With the new year upon us, astronomers have discovered two bizarre black holes in different locations with one showing itself to be burping and another to be undergoing a slimming regime.
When it comes to our understanding of black holes, we as a species have yet to fully grasp what exactly is going on within the cosmic bar that the gravity vacuum is so strong that not even light can escape its pull.
However, in the past few days, there have been two rather interesting discoveries made by two separate teams of astronomers that appear to show phenomena we have yet to see them undergo.
The first, discovered by astrophysicist Julie Comerford from the University of Colorado Boulder, has found what is being described as a ‘skinny’ black hole due to the apparent lack of stars that surround it.
With nearly 500-times fewer stars surrounding it compared to another relatively close black hole, its appearance at the edge of the galaxy dubbed SDSS J1126+2944 is that of what is known as an intermediate, or medium-sized, black hole.
This is pretty significant given that, until now, there have been no observable examples of a black hole of this size, with this black hole adjacent to what is being described as a ‘cosmic beauty mark’ of stars.
With the likelihood that Comerford is witnessing the gradual merging of two galaxies, there exists the possibility this medium-sized black hole was once a supermassive black hole that was ripped apart by gravitational forces.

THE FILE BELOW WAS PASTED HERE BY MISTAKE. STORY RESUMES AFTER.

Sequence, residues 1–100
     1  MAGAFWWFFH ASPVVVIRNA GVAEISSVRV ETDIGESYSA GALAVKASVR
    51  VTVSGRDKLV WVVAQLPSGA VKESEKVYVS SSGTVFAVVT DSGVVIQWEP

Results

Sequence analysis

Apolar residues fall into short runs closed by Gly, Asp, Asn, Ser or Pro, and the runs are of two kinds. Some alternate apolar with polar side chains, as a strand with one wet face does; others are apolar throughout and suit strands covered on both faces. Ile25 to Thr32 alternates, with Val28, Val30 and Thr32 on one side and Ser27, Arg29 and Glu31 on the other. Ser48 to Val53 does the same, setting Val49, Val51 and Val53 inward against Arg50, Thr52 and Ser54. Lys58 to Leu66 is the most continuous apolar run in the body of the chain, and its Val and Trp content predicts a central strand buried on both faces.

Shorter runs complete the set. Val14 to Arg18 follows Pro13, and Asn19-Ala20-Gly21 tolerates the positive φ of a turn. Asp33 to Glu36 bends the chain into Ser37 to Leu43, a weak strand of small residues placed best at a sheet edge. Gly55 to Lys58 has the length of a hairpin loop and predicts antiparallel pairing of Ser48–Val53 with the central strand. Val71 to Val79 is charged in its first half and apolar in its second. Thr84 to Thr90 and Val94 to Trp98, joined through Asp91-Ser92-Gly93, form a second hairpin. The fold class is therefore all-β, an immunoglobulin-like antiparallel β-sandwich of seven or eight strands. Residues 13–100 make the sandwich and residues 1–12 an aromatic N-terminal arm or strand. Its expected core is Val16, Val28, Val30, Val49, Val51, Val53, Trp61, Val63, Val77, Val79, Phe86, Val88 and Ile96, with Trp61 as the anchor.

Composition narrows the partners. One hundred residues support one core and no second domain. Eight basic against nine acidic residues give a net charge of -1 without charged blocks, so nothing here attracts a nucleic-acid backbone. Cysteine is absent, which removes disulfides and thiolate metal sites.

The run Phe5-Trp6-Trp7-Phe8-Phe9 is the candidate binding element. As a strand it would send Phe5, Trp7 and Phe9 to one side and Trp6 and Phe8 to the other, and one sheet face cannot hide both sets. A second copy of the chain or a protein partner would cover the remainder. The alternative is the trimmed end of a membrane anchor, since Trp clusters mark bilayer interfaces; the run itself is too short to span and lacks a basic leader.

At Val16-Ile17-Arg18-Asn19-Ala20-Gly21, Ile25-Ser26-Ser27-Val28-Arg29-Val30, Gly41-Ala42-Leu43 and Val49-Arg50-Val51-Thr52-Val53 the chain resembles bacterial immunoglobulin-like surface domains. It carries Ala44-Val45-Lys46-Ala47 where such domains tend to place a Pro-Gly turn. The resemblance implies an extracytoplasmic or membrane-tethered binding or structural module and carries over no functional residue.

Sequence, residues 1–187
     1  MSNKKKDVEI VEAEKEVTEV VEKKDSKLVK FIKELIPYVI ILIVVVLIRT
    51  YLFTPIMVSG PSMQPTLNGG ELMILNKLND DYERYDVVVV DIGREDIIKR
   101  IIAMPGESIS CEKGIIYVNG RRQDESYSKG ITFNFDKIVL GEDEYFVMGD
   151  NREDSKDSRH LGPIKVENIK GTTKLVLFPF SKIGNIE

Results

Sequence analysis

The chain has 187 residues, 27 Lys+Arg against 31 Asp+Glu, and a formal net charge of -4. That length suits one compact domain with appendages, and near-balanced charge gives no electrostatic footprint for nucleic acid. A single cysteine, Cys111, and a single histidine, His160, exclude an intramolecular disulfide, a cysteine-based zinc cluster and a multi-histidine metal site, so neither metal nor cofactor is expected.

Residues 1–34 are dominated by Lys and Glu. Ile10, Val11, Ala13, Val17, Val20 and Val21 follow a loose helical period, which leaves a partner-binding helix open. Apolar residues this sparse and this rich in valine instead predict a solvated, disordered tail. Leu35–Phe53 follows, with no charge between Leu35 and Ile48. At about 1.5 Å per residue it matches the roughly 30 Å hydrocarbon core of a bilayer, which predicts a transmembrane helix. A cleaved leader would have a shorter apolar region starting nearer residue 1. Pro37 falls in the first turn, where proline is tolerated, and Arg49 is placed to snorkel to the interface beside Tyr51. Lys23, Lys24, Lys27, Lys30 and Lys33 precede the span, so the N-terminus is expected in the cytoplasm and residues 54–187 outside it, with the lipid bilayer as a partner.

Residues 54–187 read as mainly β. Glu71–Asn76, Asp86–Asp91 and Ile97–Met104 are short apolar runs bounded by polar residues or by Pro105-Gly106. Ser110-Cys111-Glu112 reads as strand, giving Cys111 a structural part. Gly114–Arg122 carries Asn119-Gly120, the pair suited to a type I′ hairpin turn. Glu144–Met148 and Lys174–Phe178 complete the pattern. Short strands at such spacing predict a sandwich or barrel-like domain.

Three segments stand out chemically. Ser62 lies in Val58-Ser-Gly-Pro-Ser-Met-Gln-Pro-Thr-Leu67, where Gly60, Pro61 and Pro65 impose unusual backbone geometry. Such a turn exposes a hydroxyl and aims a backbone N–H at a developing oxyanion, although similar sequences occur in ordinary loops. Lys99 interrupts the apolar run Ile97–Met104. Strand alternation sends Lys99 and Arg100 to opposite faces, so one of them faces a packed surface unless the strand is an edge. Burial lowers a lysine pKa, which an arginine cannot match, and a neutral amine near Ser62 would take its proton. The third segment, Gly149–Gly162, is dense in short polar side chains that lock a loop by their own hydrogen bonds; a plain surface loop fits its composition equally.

“In other words, Comerford says, “it went on a major crash diet.”
Too much cosmic turkey
Meanwhile, in an altogether different part of the universe, a black hole in galaxy NGC 5194, 26m light years away from Earth, is feeling a little overfed to the point that is now ‘burping’ huge quantities of gas into the universe.
Using NASA’s Chandra space telescope, Eric Schlegel and his team from the University of Texas compiled X-ray images of the black hole showing the hotter gas sweeping the cooler hydrogen gas ahead of it.
It is likely that the black hole emitting this burp, much like many of us did at Christmas, gorged on gas emitted by a neighbouring, larger galaxy with energy levels reaching such heights that the only way for it to go was out.
Schlegel and the team have been quick to point out this instance as an example whereby our perception of black holes as solely forces of destruction in the universe is misguided, with these burping events potentially leading to the birth of stars.
The two burps are understood to be ancient when compared with the black hole, with the inner burp believed to be approximately 3m-years-old, while the outer burp is twice as old.
“This activity is likely to have had a big effect on the galactic landscape,” Schlegel said.